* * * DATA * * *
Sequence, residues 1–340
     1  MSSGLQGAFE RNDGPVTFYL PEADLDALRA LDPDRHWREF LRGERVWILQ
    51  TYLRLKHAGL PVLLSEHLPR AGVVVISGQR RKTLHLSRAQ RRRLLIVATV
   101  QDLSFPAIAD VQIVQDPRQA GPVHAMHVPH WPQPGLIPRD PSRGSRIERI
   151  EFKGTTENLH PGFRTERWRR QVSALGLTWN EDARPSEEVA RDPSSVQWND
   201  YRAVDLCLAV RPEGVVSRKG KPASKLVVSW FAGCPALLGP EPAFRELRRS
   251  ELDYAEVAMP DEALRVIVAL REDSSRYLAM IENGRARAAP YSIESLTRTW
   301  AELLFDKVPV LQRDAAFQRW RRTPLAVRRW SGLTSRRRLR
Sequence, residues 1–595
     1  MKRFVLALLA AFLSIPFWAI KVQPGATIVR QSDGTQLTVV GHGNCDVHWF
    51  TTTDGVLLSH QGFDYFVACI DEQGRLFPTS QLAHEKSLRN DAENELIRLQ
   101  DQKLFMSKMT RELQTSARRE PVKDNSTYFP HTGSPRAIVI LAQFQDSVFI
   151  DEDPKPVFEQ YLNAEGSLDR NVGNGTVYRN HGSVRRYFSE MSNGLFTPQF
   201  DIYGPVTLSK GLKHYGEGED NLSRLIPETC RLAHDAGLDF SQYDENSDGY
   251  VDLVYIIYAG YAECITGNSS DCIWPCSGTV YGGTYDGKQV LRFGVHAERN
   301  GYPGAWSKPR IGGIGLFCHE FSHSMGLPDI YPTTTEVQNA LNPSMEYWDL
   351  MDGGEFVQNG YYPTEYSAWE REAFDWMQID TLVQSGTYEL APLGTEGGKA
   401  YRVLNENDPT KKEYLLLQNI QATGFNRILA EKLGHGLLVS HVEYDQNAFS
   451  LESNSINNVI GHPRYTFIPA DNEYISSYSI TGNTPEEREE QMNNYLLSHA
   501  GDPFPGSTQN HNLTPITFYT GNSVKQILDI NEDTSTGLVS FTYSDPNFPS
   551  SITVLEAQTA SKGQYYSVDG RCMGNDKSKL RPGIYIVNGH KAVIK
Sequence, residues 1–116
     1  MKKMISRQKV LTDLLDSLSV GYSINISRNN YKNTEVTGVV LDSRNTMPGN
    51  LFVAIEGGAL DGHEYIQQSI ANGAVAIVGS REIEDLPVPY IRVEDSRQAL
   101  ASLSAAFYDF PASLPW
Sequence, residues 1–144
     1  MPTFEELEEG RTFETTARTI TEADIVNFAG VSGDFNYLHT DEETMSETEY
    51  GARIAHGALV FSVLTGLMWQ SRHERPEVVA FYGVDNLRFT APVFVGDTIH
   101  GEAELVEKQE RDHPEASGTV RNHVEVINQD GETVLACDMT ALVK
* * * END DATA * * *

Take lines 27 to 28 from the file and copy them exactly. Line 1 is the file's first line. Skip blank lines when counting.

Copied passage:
     1  MPTFEELEEG RTFETTARTI TEADIVNFAG VSGDFNYLHT DEETMSETEY
    51  GARIAHGALV FSVLTGLMWQ SRHERPEVVA FYGVDNLRFT APVFVGDTIH